I wonder how many New Englanders know that for more than a decade Port Macquarie was the centre of British civilization on Northern NSW?
Maitland (1829) together with its adjoining river port at Morpeth (1831) would develop into the largest urban conglomeration in the north, but this still lay ahead.
The penal colony at Newcastle had been established in 1804 as a place of secondary punishment for re-offending convicts, but problems soon emerged.
Newcastle was just too close to the Sydney fleshspots, to accessible by land, providing the incentive and means for absconding. There was also pressure to open up the Hunter for European settlement.
There were initial land grants under Governor Macquarie, but these were limited to small grants to ex-convicts. However, further south the settlers on the Hawkesbury and in the Sydney Basin were seeking new pastures for their growing flocks and herds. As a consequence, the Hunter was opened up for European settlement in 1822.
Explorer John Oxley had discovered and named Port Macquarie in 1818. This seemed a suitable site for a new penal colony to replace Newcastle, although Macquarie was initially uncertain. Finally, in 1821 the decision was made to proceed.
In seeking to discover that far country called the past, we are all bound by current mind-sets in ways that we do not always understand. Port Macquarie is a case in point.
I had always thought of Port Macquarie as a minor penal settlement founded from and close to Sydney, something equivalent to the establishment, ay of the jail at Grafton many years later. The reality is different.
To begin with, the number or convicts sent to Port Macquarie was roughly similar in scale to those sent to Port Jackson in the early days. This was not a small settlement.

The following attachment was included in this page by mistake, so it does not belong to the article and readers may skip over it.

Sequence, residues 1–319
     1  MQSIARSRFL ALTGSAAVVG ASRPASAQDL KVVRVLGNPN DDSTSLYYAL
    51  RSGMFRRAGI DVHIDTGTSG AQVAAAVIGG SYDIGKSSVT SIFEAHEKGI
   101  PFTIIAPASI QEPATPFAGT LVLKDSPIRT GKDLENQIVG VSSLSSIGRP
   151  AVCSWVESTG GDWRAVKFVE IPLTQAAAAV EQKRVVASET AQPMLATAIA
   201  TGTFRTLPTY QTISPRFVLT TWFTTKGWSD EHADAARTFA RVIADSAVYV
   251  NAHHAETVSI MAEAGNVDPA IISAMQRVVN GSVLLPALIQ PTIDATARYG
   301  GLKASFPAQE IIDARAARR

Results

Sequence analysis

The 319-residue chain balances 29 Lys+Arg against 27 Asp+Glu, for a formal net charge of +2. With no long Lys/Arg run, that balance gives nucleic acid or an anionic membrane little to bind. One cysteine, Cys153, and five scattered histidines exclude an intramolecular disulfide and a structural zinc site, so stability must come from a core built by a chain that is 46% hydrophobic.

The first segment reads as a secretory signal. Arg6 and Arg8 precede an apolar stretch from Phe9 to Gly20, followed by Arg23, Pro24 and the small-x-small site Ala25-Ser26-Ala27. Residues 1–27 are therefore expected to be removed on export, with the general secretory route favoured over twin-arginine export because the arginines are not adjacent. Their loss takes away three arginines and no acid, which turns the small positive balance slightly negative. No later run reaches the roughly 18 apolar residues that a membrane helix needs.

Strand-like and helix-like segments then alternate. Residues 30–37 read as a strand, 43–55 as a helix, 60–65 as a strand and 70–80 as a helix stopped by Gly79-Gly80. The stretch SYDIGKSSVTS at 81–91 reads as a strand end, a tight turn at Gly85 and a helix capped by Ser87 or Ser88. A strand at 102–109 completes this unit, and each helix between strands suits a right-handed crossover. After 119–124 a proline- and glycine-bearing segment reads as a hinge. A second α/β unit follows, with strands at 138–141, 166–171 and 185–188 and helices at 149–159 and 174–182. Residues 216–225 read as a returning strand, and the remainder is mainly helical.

Like Port Jackson, convicts were expected to build the necessary infrastructure including barracks required to support the colony. Like Port Jackson, they were expected to grow their own food. And like Port Jackson, the Government was interested in exports from the new colony that might yield economic gain.
The new colony was expected to be a punishment colony, a feared place of secondary punishment. But to accommodate the needs of the new colony, convicts volunteering to build Port Macquarie were offered special treatment.
Later, convicts sent to Port Macquarie were also granted special privileges in the treatment of things such as their own gardens. This, too, had happened at Port Jackson, but it created a fundamental problem. This can be put simply.
Port Macquarie was a place of secondary punishment, a place to be feared. How, then, do your reconcile the special treatment required to establish and then maintain the colony?
There were no easy answers to this question. It led to fluctuating treatment of the convicts as official balance switched between punishment and remediation. Meantime, a new town had emerged.
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